glycerol). white blood cells 'leucocytes'.e. i. Page 3 . 3. Of these. 8 pints). Plasma proteins (associated with defence. Maintains Body Temperature Controls pH The pH of blood must remain in the range 6. 5. Toxins removed from the blood by the kidneys leave the body in the urine.4. Enzymes. micro-nutrients (vitamins & minerals). Hormones. 4. Functions of Blood 1. and described in further detail below. Blood cells (incl. and red blood cells 'erythrocytes'). 36 times every 24 hours. Waste products of metabolism (e. otherwise it begins to damage cells.8 to 7.g. such as blood-clotting and antibodies). Transports: Dissolved gases (e. carbon dioxide). oxygen. which may contain around 10g salt per day (such as in the cases of people on western diets containing more salt than the body requires). Nutrients (such as glucose. 99% are erythrocytes (red blood cells) and 1% are leucocytes (white blood cells) and thrombocytes (blood platelets). fatty acids. Removes toxins from the body The kidneys filter all of the blood in the body (approx.1. (Toxins also leave the body in the form of sweat. This is summarised in the following diagram. These include: 55%Plasma 45%Components. 2. 'Blood Cells'.g. urea). water.) Regulation of Body Fluid Electrolytes Excess salt is removed from the body in urine. amino acids. Composition of Blood Blood consists of many components (constituents). 2.
Erythrocytes (Red blood cells) Immature erythrocytes have a nucleus but mature erythrocytes have no nucleus. . Helps to maintain optimum body temperature throughout the organism. This is the straw-coloured fluid in which the blood cells are suspended. maintaining this within a range at which the cells can thrive. Hormones. and consists of: Dissolved substances including electrolytes such as sodium. globulin. manganese. neutrophils and eosinophils. basophils.The summary chart above includes: erythrocytes (red blood cells). potassiun. Haem Erythrocytes have a "prosthetic Page 4 Plasma Carry oxygen (process described in more detail -below). The following table includes further general information about the constituents of blood. It also includes categories of leucocytes: agranulocytes and granulocytes (also known as polymorphonucleocytes). and calcium ions. Helps to maintain an ideal balance of electrolytes in the blood and tissues of the body. Functions The medium in which the blood cells are transported around the body (by the blood vessels) and are able to operate effectively. monocytes. Helps to control the pH of the blood and the body tissues. Blood plasma proteins (albumin. fibrinogen). Structure Normal blood plasma is 90-92 % water. which may also be sub-divided into lymphocytes. chlorine. thrombocytes (blood platelets) and leucocytes (white blood cells).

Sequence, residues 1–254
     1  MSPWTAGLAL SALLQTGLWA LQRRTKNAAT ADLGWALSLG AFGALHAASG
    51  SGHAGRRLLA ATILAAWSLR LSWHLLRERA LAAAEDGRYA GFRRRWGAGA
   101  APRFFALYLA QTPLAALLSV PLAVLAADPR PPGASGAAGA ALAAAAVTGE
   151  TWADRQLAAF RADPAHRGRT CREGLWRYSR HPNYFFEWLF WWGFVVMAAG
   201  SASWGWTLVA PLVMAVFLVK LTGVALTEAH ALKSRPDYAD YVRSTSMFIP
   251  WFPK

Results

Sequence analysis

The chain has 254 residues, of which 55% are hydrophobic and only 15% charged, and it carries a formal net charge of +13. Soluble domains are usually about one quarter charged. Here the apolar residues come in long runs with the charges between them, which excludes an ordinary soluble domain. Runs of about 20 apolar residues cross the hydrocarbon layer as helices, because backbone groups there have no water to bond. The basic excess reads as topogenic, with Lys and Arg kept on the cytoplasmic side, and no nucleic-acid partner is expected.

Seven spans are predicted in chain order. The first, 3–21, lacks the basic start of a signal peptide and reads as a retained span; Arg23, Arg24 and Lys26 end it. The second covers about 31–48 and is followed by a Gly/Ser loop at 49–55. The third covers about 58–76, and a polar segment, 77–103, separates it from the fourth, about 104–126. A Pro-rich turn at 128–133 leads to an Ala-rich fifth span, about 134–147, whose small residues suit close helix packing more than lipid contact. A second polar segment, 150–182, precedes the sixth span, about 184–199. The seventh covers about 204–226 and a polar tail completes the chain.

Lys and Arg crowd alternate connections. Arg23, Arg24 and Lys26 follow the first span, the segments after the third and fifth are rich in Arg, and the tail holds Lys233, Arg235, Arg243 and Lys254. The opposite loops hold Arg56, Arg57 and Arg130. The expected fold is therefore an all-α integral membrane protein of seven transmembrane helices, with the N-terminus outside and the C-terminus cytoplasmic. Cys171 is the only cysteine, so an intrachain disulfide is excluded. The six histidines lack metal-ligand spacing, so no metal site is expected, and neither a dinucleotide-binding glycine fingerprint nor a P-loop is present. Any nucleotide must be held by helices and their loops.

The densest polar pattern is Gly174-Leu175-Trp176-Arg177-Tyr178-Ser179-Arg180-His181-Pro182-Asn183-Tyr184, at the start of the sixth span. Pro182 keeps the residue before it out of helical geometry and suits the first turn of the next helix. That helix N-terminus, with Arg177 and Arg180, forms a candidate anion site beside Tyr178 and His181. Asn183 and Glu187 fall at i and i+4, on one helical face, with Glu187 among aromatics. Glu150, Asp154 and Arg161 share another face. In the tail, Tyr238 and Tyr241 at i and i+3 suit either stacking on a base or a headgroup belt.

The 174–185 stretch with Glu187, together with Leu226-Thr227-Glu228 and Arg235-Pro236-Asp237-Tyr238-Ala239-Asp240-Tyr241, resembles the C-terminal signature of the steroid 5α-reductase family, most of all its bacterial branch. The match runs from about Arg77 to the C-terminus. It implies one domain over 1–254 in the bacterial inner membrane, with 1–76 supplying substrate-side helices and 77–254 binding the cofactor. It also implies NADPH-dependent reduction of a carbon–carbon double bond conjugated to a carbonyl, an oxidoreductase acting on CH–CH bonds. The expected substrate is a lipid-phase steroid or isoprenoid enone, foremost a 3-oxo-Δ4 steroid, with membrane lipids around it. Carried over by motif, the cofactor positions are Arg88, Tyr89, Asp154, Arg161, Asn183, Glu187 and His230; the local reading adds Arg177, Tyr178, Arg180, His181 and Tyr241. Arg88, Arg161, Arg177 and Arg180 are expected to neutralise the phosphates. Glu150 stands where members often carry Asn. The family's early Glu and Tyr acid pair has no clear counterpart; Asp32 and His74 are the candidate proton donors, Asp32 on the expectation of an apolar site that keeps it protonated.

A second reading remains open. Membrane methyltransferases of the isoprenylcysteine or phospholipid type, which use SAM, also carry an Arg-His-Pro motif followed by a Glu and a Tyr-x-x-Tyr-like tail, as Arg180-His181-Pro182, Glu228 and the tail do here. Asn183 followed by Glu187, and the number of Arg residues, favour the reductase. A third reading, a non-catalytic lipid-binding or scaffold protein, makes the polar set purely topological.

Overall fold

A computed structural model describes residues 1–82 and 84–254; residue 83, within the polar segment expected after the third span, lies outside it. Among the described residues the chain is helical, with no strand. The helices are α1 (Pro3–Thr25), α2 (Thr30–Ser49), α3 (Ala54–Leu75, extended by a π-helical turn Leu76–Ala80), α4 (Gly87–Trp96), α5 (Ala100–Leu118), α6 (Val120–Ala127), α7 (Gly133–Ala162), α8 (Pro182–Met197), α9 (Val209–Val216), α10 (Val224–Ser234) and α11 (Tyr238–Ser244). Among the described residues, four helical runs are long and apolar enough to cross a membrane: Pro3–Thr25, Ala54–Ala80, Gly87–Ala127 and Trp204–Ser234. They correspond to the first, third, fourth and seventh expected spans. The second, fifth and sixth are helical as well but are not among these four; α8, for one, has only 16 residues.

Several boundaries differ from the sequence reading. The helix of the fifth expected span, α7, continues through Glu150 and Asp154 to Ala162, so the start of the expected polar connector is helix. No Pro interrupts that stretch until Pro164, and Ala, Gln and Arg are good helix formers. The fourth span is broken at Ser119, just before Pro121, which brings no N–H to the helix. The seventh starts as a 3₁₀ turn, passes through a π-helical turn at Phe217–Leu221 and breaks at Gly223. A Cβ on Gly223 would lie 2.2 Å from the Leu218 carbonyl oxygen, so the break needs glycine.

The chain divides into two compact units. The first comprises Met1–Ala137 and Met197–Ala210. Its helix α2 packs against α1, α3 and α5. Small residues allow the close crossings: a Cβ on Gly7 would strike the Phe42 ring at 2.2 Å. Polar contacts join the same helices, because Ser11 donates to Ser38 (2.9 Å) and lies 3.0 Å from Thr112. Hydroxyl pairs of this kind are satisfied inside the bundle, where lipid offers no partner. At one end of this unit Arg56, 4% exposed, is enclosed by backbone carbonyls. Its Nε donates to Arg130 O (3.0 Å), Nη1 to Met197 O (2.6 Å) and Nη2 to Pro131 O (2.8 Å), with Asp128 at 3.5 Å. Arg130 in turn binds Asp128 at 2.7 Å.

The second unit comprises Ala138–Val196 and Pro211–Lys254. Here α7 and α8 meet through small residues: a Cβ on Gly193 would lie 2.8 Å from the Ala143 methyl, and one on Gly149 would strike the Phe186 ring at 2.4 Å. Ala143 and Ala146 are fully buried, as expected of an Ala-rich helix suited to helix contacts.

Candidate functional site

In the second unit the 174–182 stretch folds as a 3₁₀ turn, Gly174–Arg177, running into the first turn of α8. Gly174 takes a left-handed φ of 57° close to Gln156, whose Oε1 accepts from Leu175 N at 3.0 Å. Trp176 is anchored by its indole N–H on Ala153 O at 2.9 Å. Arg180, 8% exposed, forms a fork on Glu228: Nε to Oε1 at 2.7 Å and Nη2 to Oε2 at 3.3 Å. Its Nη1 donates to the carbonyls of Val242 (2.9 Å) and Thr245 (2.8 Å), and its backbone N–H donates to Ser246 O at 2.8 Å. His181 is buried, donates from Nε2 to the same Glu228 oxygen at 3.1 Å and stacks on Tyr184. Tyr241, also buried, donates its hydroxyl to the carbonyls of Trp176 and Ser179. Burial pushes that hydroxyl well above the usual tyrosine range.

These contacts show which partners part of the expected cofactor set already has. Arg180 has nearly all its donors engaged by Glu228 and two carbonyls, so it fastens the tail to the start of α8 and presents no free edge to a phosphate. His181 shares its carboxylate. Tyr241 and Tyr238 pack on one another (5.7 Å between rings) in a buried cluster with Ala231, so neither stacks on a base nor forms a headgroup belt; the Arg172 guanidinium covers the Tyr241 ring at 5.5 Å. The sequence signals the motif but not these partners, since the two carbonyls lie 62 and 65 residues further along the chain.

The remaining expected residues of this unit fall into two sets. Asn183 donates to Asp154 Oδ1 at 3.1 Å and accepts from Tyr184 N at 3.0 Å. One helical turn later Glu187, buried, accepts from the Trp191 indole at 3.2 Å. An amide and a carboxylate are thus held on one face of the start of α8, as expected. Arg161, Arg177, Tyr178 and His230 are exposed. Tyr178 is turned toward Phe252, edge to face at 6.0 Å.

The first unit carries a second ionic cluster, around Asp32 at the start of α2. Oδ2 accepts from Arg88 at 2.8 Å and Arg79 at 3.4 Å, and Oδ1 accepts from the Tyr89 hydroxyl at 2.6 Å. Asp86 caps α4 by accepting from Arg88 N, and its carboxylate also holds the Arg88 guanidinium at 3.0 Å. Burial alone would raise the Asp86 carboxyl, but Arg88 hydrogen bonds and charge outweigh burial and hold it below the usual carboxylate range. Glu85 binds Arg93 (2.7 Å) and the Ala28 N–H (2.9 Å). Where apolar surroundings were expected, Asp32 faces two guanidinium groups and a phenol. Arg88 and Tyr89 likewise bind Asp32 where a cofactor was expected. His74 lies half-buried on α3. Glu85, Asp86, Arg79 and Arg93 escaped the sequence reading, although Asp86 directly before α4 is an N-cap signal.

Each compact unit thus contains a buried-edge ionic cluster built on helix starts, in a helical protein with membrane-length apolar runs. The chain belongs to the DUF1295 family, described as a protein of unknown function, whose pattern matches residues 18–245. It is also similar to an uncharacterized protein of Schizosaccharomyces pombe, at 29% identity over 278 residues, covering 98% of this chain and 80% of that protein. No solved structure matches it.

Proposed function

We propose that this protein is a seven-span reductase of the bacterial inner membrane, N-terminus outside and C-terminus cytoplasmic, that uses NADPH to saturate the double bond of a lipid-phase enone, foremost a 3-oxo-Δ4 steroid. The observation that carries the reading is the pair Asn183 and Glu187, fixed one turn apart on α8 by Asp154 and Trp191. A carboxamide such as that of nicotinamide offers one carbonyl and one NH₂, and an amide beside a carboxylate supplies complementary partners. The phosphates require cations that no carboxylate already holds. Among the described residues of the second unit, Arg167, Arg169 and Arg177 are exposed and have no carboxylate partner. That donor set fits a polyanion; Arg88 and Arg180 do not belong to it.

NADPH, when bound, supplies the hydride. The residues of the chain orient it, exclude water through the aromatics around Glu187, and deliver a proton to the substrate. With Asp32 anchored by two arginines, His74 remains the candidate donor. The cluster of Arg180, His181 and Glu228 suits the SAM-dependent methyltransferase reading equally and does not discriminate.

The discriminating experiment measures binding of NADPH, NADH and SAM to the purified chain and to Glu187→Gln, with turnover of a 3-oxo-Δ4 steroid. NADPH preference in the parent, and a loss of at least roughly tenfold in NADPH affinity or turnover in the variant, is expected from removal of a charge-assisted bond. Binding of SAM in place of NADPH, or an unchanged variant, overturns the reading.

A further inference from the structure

Monocytes. 120 days.10. Major part of the immune system. Page 5 . (Bile breaks down fats. and iron. Erythrocytes are eventually broken down by the spleen into the blood pigments bilinubin and bilviridin. Leucocytes (White blood cells) There are different types of leucocytes (described in more detail .in this case. Lymphocytes.000 leucocytes per micro-litre of blood.5. Basophils.8 million erythrocytes per microlitre of healthy blood (though there are variations between racial groups and men/women).. Haem relies on the presence of iron (Fe). Agranular (do not contain granules): e. There are approx.group" (meaning "in addition to" . Have a longevity of a few hours to a few days (but some can remain for many years).g.g. in addition to the cell). There are approx.5 . classified as: Granular: e. continued in section below. Haem combines with oxygen to form oxyhaemoglobin: . Eosinophils.000 . and the blood pigments form bile salts. 5. Neutrophils..below). The active component of this prosthetic group is Haem. These components are then transported by the blood to the liver where the iron is re-cycled for use by new erythrocytes. 4.) Have a longevity of approx.